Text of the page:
I have a home network that contains a mixture of devices, some of which that receive a...
Last year I wrote a guide on how to use Shorewall as a firewall and router for Proxmox. As a follow up I will answer a few questions I’ve received about that guide that can help you extend its use.
The most common question is in regards to proxy ARP. Enabling this option will allow you to assign a public IP directly to your guest VM, eliminating the need for port forwarding (DNAT) or having to worry about the MAC address.
As an example use for proxy ARP, it is helpful for those using a a SIP-based VoIP server since a STUN server is no longer required. read more →
Version 1.0.3 has been released, which fixes a few minor bugs and introduces a new option. It is still considered to be in a Beta stage, which most likely will change with the next release.
In addition, WP Flickr Background is no longer compatible with WordPress version 2.8 or older.
Well, a little over a month ago I had put the final touches to the WP Flickr Background plugin and entered it into Alpha stage. Over the entire month and with a few thousand visitors, there were only two issues reported (one of which was unrelated).
Satisfied with this, I’ve now made version 1.0.2 available as a Beta product. That means you can now use it for your own purposes, however I do not recommend using this in a production environment just yet (although nothing is stopping you from doing so – use at your own risk!). read more →
WP Flickr Background is a simple to use WordPress plugin that allows you to display a photo from Flickr and other sources as the theme background, without the need to modify any files.
All you need to do is create one or more galleries within the plugin’s settings, each containing a collection of photos that you have chosen, and WP Flickr Background will randomly select a photo from the active gallery to display as the theme background. read more →
I apologize to everyone who had difficulty accessing the website in recent days!
I had taken down the website to make some changes to the web server, which quickly became a major overhaul. I figured that since it was already down, I might as well do the things I had long planned.
A good portion of it is implemented now, but I’m not completely done. I’ll give it my best effort to ensure there will be little to no downtime. Once again, my apologies!
If you’re new to this website, you probably haven’t noticed. But the background you’re seeing is actually something new. And random. And streamed from Flickr. It’s a new plugin that I am developing for WordPress called ‘WP Flickr Background’.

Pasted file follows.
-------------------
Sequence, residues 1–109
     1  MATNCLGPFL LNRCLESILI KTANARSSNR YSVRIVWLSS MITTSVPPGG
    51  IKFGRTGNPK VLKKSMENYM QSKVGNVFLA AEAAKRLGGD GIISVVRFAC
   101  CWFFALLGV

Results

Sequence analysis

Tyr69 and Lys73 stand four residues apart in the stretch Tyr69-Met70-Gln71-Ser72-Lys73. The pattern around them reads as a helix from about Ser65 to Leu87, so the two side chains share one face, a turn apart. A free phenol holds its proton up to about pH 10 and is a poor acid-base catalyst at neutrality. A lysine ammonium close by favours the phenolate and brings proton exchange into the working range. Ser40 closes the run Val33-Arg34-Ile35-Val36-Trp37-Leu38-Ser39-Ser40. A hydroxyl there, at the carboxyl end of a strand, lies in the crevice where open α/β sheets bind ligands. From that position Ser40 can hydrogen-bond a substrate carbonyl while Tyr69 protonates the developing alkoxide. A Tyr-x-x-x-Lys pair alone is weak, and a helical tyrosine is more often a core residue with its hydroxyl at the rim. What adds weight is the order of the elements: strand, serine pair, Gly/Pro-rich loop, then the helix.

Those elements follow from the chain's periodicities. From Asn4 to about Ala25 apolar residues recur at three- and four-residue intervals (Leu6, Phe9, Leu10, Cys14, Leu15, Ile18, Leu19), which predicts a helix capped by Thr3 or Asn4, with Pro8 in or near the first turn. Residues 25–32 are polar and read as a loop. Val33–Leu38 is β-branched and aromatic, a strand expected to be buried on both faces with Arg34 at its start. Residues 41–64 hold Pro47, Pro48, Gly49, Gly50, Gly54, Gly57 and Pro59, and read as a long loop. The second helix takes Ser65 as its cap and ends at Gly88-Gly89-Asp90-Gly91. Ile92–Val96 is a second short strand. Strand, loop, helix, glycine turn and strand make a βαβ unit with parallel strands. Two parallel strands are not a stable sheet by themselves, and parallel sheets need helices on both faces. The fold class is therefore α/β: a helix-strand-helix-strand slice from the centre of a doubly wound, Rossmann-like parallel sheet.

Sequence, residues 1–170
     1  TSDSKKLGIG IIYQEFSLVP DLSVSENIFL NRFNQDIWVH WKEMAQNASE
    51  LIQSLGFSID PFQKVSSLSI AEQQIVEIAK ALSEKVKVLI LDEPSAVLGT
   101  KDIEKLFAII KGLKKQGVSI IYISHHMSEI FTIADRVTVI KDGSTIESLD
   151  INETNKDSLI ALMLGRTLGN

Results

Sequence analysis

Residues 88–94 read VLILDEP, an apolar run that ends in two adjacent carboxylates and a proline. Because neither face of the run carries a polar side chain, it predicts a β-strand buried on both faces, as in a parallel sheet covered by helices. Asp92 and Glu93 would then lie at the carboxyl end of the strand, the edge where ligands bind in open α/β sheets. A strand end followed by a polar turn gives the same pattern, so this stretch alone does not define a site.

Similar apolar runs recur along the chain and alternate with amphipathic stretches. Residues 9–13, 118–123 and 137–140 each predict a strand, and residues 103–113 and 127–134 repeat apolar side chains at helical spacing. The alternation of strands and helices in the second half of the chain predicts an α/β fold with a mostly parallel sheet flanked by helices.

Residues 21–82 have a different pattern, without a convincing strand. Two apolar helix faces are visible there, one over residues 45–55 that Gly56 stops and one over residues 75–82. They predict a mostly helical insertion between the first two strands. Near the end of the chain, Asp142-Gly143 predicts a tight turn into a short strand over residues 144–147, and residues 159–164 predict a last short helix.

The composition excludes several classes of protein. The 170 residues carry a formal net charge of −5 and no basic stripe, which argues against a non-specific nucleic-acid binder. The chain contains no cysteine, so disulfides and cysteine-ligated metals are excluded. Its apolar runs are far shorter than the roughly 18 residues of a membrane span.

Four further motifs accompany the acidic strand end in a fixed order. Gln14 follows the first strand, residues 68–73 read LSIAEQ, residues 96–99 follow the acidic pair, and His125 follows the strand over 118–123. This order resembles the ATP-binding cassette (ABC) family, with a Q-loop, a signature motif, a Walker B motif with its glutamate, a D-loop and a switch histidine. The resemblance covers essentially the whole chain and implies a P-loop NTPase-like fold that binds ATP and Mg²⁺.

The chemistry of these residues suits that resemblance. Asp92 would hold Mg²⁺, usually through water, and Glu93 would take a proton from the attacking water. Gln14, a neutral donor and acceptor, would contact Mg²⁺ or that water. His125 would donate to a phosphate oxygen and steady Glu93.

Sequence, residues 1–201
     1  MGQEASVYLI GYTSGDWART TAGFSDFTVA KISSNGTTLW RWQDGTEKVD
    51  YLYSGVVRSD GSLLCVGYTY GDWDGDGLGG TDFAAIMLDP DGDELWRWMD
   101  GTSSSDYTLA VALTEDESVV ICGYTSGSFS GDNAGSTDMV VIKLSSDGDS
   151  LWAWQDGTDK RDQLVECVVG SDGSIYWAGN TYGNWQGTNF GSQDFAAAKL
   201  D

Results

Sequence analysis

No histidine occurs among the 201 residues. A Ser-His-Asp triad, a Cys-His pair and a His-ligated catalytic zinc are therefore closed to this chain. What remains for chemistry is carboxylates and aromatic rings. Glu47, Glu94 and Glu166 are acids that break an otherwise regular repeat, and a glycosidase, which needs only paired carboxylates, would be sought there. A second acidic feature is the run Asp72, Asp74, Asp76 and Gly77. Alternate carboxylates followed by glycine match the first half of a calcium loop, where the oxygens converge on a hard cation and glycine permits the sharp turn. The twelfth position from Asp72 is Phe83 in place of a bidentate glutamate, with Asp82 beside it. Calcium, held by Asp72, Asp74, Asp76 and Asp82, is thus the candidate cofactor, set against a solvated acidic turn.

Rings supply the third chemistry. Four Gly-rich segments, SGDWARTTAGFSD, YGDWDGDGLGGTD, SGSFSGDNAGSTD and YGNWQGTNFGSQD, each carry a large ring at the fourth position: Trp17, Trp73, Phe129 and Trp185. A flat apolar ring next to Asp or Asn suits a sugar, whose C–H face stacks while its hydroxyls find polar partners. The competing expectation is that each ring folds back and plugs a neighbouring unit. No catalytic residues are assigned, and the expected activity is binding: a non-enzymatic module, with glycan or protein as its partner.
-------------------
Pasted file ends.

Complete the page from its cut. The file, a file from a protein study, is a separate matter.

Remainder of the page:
A little over two weeks ago I changed my theme to Motion by 85ideas, and was intrigued by its effective use of transparencies and the background. And since I quickly get bored looking at the same thing, I thought ‘Why not make this background random’? Flickr provides millions of photos, many of them under a Creative Commons Attribution License, and this would be an excellent source for those random backgrounds. So I started coding… read more →
First of all, I’d like to wish you a Happy New Year! Those years sure come in quick succession, don’t they? Or at least they seem to be when you’re constantly busy with things.
So I have been keeping myself busy with a number of projects, some small, some big. One project has been updating my blog a bit, giving it a fresh coat of paint and tweaking a few bits and bytes. All this tweaking will give the articles some more room, because in my previous layout it seemed rather cramped. I still don’t have a logo though, so those three overlapping circles in the upper-left corner will have to do for now. read more →
A while ago my blog started to act up by randomly showing translated pages in place of the desired language. The culprit was a WordPress caching plugin (Hyper Cache) that started to misbehave with the latest upgrade. I promptly disabled it and went on a search for a replacement.
As you may have read in one of my previous blog entries, specifically “NginX and Apache, but no memcached”, I prefer to use NginX as the front-end serving static files, and Apache as a back-end dealing with the dynamic pages. So it would be ideal if NginX could serve up static WordPress files, which is exactly what I am doing now with the help of WP Super Cache. read more →
A few days ago I posted a short blog about DNS performance benchmarking by Google using namebench. After the rather surprising results, I decided to replace the primary upstream DNS server with OpenDNS.
Once I had run the namebench too again, the results were showing a huge leap in performance. But strikingly, BT’s DNS servers were still faster than my own local servers. Jonathan, the resident monkey, also commented about this based on his own tests. It seems that there might be something amiss with the namebench tool (and I shall dutifully point this out to Google, to see what they have to say). read more →
Today I came across namebench by Google, a DNS (domain name system) benchmarking tool and gave it a try. To my surprise, namebench determined that a DNS server owned by BT and located in the UK was faster than my own or my provider’s DNS servers, both of which are located in France.
In fact, this is the damning message that namebench gave me: read more →